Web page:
How to Calculate Depreciation?
The value of a business asset over its useful life is known as depreciation.
Here’s the information you need to calculate depreciation:
- Useful life of the asset: This information is available in tables, based on the type of asset. You will probably need an accountant to tell you the useful life of a specific asset.
- Minus the salvage value: of the asset at the end of its useful life. Like the useful life, the salvage value is determined by a table.
- Divided by the cost of the asset: this includes all costs for acquiring the asset, like transportation, set-up, and training.
This will result in the book value of the asset.
For example, the annual depreciation on an equipment with a useful life of 20 years, a salvage value of $2000 and a cost of $100,000 is $4,900 (($100,000-$2,000)/20).
The asset must be placed in service (set up and used) in the first year that depreciation is calculated, for accounting and tax purposes.
For assets purchased in the middle of the year, the annual depreciation expense is divided by the number of months in that year since the purchase.
This article will also discuss:
What Is Accumulated Depreciation?
The cumulative depreciation of an asset up to a single point in its life is called accumulated depreciation. The carrying value of an asset on a balance sheet is the difference between its purchase price and accumulated depreciation. A business buys and holds an asset on the balance sheet until the salvage value matches the carrying value.
Accumulated depreciation is applicable to assets that are capitalized. Capitalized assets are assets that provide value for more than one year. Accounting rules dictate that expenses and sales are matched in the period in which they are incurred. Depreciation is a solution for this matching problem for capitalized assets. A portion of the cost of the asset in the year it is purchased and for the rest of the asset’s useful life is considered a depreciation expense.
Accumulated depreciation is the total amount that the asset has been depreciated over the asset’s life.
Three Main Methods of Calculating Depreciation
Depreciation can be calculated on a monthly basis in two different ways.
Determining monthly accumulated depreciation for an asset depends on the asset’s useful lifespan as defined by the IRS, as well as which accounting method you use.
The useful lifespan of an asset can range from three to 20 years for personal property, 15 to 20 years for land improvements, and are fixed at 27.5 years for residential real estate and 39 years for business real estate. The IRS has information about the depreciation and lifespan of assets.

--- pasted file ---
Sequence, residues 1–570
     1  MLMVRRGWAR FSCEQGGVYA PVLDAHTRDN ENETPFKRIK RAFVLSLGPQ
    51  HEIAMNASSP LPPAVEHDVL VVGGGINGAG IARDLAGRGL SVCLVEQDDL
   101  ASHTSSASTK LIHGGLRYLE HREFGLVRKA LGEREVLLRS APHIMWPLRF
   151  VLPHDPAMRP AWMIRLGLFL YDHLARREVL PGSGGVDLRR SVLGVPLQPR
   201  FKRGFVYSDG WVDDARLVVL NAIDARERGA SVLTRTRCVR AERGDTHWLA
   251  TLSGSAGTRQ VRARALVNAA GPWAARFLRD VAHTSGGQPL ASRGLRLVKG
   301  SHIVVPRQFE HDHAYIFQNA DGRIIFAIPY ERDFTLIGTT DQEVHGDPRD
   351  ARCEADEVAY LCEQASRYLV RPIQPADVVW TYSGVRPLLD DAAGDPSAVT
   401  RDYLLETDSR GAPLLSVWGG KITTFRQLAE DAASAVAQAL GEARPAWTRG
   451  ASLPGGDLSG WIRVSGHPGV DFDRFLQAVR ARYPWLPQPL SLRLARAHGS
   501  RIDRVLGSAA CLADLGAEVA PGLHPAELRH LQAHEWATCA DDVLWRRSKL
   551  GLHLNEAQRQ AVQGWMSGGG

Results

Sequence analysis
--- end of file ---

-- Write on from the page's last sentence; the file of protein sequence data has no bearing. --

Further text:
The IRS currently uses the Modified Accelerated Cost Recovery System (MARCS) is the depreciation system that allows depreciation to be calculated by either the straight-line method or the declining balance method.
To do the straight-line method, you choose to depreciate your property at an equal amount for each year over its useful lifespan.
Use the following steps to calculate monthly straight-line depreciation:
- Subtract the asset’s salvage value from its cost to determine the amount that can be depreciated
- Divide this amount by the number of years in the asset’s useful lifespan
- Divide by 12 to tell you the monthly depreciation for the asset
Declining Balance Method
This method is used to recognize the majority of an asset’s depreciation early in its lifespan. There are two variations of this: the double-declining balance method and the 150% declining balance method.
The depreciation amount changes from year to year using either of these methods, so it more complicated to calculate than the straight-line method.
For the double declining balance method, the following formula is used to calculate each year’s depreciation amount:
To convert this from annual to monthly depreciation, divide this result by 12.
Sum-of-the-years’-digits (SYD) Method
The method that takes an asset’s expected life and adds together the digits for each year is known as the sum-of-the-years’-digits (SYD) method. This is an accelerated method to calculate depreciation.
So, if the asset is expected to last for five years, the sum of the years’ digits would be calculated by adding 5 + 4 + 3 + 2 + 1 to get the total of 15. Each digit is then divided by this sum to determine the percentage by which the asset should be depreciated each year, starting with the highest number in year 1.
The formula to calculate depreciation with the SYD method is as follows: